Anglo Adventure

Travel with a sense of humor


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Japan in Season

I went to Japan last December. It was the perfect month to visit and my favorite time of year. In late December, you feel fall slowly fading, the leaves almost all gone, but a few strays that cling to the trees, the exact way my toddler clings to my legs when she gets shy.

I love the rush of cold air, the constant threat of first snowfall, the lights, the people in the city rushing around with bags of gifts for loved ones. It’s what I look forward to most during the heat of summer, the same way I look forward to the beach in the gray and rain of winter.  

Fushimi Inari Shrine

In Tokyo, most of the buildings are in muted beige and gray, the color comes in Shinto shrines with red-orange doors, splashes of neon signs, gardens tucked away with fiery fall colors and spotted koi.

It was a strange choice for a pre-Christmas vacation, but they do celebrate Christmas in Japan. They have Christmas cakes, an all-white whipped cake with strawberries on it and according to my sister who was living there at the time—strawberries in Japan taste better than the ones here.

Better strawberries. Can you even imagine?

And there were elaborate light shows, “illuminations” and lit trees all around the city.

You can’t see your way out of Tokyo, it feels infinite. It’s big and pulsing and electric, but at the same time, quiet. There are tucked-away gardens, shrines, and temples everywhere.

I took public transportation in Seattle daily for seven years and because of that, I appreciate Japan’s unspoken rules–drinking on trains, talking above a whisper, talking on your phone— all considered rude, punishable by glare.

Vegetables are in.

Things that have happened on the Seattle bus:

  • A rotisserie chicken rolling around and getting grease everywhere
  • A person so out-of-his-mind, when his friend punched him hard in the face, he didn’t even realize it. One of the saddest things I’ve ever witnessed.
  • A woman who (while I was pregnant) asked me about hepatitis vaccines, then coughed right in my face.

It’s tempting to compare where you live to where you travel. To see how safe Tokyo feels, how meticulous and efficient and magical it all seems. The genius of hot coffee from a vending machine and the comfort of train station ramen.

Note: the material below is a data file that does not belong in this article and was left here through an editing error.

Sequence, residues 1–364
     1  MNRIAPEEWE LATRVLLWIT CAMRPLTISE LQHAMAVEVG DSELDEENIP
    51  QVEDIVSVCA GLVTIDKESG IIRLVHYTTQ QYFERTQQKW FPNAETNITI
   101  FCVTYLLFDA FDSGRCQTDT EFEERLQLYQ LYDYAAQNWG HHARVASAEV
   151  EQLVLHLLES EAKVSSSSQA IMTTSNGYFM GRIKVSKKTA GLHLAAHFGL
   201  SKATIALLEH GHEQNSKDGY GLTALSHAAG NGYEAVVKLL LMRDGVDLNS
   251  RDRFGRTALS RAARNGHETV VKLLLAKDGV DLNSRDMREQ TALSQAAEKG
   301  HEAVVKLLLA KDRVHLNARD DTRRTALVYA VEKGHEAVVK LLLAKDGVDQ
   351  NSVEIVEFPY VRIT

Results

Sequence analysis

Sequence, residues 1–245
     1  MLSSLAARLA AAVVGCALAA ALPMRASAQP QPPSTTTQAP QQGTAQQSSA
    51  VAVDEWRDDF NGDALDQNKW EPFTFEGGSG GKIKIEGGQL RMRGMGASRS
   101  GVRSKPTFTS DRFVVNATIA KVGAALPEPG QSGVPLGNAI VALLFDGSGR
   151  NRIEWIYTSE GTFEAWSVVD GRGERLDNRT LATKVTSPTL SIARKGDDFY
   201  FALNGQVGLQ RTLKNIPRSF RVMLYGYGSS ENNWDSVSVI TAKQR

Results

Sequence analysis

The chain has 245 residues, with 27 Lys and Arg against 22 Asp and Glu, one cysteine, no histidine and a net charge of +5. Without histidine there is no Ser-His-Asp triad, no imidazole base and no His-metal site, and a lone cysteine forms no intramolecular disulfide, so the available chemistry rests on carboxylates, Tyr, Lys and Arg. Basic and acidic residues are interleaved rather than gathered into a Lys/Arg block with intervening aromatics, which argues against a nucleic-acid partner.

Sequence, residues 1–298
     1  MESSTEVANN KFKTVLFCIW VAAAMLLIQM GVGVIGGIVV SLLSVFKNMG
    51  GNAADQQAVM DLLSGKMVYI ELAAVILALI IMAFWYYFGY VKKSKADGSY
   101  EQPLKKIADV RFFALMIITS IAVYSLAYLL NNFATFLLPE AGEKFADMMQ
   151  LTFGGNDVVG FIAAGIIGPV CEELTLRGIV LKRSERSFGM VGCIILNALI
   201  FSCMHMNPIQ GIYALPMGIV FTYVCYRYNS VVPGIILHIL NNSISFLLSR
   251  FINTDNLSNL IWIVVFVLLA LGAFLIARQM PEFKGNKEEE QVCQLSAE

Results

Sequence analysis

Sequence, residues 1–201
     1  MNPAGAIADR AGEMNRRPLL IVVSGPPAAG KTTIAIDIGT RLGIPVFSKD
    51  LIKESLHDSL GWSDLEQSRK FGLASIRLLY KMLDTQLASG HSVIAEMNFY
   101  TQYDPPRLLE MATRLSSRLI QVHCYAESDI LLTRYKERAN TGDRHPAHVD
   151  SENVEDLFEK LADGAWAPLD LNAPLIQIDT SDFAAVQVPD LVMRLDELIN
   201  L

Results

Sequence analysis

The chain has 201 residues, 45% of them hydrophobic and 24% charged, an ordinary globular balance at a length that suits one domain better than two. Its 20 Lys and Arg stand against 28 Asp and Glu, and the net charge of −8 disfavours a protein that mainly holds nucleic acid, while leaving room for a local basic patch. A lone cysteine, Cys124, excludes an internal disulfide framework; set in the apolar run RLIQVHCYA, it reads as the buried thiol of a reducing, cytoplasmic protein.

Home is easy to take for granted.


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Super Seattle Photo Essay

The Seattle Seahawks won the SuperBowl. As if you hadn’t heard.

I will not jump on the bandwagon and say I’ve always been fan while shoveling a handful of Skittles into my mouth. On Sundays, I watch/root for/cry for Da Bears and Da Bears only, ya hear? I love the Bulls, the White Sox, the Blackhawks, hot dogs with neon-green relish all that Chicago stuff.

Sports and food loyalties are like family loyalties and I stick to them.

That said, no one can refute my love for the PacNorthwest. I loved it enough to come back after the Great Quebec Adventure. I loved it enough to put half a country between me and my family for a second time, when I could have settled into a nice brick house somewhere in Illinois. That’s right. I could be freezing my butt off right now.

I am not supposed to talk about how fantastic/gorgeous/incredible Seattle is because we want to keep it our little secret. Did you hear that: *we*? I think that is the first time I have ever “we’d” Seattle.

There’s no rule against pictures, so here you go:

Seattle in (my) Pictures


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Travel Pictures: Put a Bird on It

You know what turns a boring, mediocre travel photo into something beautiful? A bird. It doesn’t even have to be a rare bird, a scrappy seagull or downtrodden pigeon can make your travel pictures stunning.

Below is a travel photo narrative of bird photo bombs.

Travel photography tips

My number one travel photography tip: the best photographs happen by mistake.

I learned this while walking through London in shoes that pinched my feet. The clouds parted and a rainbow arched over the city. Freakin’ magical. I turned all the way around on a crowded street, snapped off a few pictures of the rainbow.

The he man behind me asks, “Blimey, don’t they have rainbows where you’re from?” his lips curled in an I-Hate-Tourists sneer. He looked so mad, I feared he would reach out and smash my camera. I felt like the biggest rube. There I was in my holy jeans and stupid shoes with a giant camera strapped to my neck getting called out by a real Londoner.

But it was worth it because I got a bunch of really great photos of a rainbow over London, including the one above with the bird flying across the square. My point is this: take a lot of photos. Don’t live through the lens, be in the present moment, but be ready to snap away the moment a great scene reveals itself.